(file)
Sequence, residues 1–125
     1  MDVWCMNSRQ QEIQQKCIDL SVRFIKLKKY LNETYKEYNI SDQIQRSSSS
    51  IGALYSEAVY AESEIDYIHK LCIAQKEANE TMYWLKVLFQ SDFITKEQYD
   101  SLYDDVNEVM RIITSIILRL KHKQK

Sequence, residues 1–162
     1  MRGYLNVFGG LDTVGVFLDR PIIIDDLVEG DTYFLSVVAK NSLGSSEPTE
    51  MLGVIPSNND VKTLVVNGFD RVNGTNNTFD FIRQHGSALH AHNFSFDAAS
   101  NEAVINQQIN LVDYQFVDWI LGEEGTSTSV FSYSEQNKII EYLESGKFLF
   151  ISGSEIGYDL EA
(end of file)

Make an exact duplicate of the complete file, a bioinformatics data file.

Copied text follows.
Sequence, residues 1–125
     1  MDVWCMNSRQ QEIQQKCIDL SVRFIKLKKY LNETYKEYNI SDQIQRSSSS
    51  IGALYSEAVY AESEIDYIHK LCIAQKEANE TMYWLKVLFQ SDFITKEQYD
   101  SLYDDVNEVM RIITSIILRL KHKQK

Sequence, residues 1–162
     1  MRGYLNVFGG LDTVGVFLDR PIIIDDLVEG DTYFLSVVAK NSLGSSEPTE
    51  MLGVIPSNND VKTLVVNGFD RVNGTNNTFD FIRQHGSALH AHNFSFDAAS
   101  NEAVINQQIN LVDYQFVDWI LGEEGTSTSV FSYSEQNKII EYLESGKFLF
   151  ISGSEIGYDL EA